Richelle Dubois, Constance Dubois, FSIN Vice-Chief Heather Bear and Pasqua First Nation Chief Matthew T. Peigan discussing the investigation into Haven Dubois’ death. Photo by Joel Willick.

A mother, whose teenage son died in Regina, continues to raise concerns on how the chief coroner’s office handled his case.

In 2015, Haven Dubois was found dead in a creek in Regina. A coroner’s report said the 14-year-old had a severe reaction to marijuana, which they say contributed to his death. Investigators ruled out foul play.

Since that time, Haven’s mother, Richelle Dubois, has questioned the investigation and has called on numerous occasions for a coroner’s inquest into her son’s death. The family renewed those calls on Monday afternoon.

“No mother should have to bury a child,” said Haven’s grandmother, Constance Dubois. “We saw an inadequate investigation of his death, and it has been a fight to get anything changed.”

Haven’s family believes his death may have been gang-related, and say when his body was found, there were marks on his face. These marks were not mentioned in the autopsy report.

The Federation of Sovereign Indigenous Nations and the Pasqua First Nation, to which the Dubois family are members, are joining in questioning the investigation.

“Simply, we are calling for a higher degree of integrity when it comes to the coroner’s report surrounding deaths that have been deemed accidental, when it could have been criminal,” said FSIN Vice-Chief, Heather Bear. “Let it be known that the coroner’s office is being put on notice.”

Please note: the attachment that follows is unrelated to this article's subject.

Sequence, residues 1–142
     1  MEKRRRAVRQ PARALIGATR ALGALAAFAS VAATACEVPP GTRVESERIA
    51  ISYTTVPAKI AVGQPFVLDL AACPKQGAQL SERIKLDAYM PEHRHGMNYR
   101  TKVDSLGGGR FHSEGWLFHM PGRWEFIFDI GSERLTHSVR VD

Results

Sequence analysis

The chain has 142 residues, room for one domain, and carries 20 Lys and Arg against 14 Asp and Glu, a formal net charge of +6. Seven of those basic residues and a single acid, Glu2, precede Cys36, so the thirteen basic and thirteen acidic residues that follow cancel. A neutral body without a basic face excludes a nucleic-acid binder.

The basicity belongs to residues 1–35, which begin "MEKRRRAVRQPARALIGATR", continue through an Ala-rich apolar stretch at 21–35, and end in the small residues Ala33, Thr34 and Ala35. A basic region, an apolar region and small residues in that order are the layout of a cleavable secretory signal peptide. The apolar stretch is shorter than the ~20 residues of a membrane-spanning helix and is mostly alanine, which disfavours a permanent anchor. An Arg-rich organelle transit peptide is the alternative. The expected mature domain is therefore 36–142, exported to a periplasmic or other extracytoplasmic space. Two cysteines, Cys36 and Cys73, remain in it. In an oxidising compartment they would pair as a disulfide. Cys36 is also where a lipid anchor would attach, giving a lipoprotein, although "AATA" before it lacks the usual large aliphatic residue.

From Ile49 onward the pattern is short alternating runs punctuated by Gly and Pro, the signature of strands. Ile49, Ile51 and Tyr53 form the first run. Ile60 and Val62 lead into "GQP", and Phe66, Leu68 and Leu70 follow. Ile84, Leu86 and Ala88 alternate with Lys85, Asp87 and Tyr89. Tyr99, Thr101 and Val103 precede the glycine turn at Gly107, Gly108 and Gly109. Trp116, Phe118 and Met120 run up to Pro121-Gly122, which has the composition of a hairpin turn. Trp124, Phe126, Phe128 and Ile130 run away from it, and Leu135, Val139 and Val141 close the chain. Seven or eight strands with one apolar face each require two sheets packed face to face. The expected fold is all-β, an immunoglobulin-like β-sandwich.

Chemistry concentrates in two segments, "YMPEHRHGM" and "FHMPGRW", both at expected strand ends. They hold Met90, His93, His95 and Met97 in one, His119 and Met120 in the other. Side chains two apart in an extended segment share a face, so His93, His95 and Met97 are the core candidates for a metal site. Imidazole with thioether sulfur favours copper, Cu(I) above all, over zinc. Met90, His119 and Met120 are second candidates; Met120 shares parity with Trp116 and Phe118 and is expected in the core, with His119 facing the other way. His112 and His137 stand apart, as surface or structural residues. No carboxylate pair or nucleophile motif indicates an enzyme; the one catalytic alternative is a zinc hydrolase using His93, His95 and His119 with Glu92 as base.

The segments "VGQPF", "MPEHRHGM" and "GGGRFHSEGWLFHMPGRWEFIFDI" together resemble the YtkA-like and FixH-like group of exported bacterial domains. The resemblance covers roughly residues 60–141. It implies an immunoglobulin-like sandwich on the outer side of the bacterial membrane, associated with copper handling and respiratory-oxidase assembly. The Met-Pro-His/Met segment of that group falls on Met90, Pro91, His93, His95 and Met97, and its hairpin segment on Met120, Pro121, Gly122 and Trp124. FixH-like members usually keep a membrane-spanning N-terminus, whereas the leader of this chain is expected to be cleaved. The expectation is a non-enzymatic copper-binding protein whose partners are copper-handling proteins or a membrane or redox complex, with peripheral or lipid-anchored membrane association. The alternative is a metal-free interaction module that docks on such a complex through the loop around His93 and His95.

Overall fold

Constance Dubois admits, she isn’t optimistic they are going to find the answers they are looking for.

“We just want the process done right,” she said.

The coroner’s office is currently set for an external review after a jury verdict earlier this month, where a doctor was awarded five million dollars after he was denied a job.

During the trial, there were allegations that the province’s chief pathologist made racist remarks related to Indigenous bodies in the morgue.

This is something the province denies, but an external review is set to take place.

“If that’s how they are going to treat someone applying for a job, imagine how they treat those who have already died,” said Pasqua First Nation Chief, Matthew T. Peigan.

The Dubois family hopes the review will help correct some of what they say are issues with the coroner’s office in addressing grieving families.

“The entire process was very confusing and frustrating,” said Haven’s mother, Richelle Dubois.

Constance Dubois described her experience with the coroner’s office as “antagonistic” and “arrogant.”

In the end, the Dubois family’s final goal is that Haven’s death be ruled as undetermined instead of accidental.

This is the second time the coroner’s office has been under review in the past year. The office went under review on how they handled the investigation of Nadine Machisnitic’s death at a Regina hotel.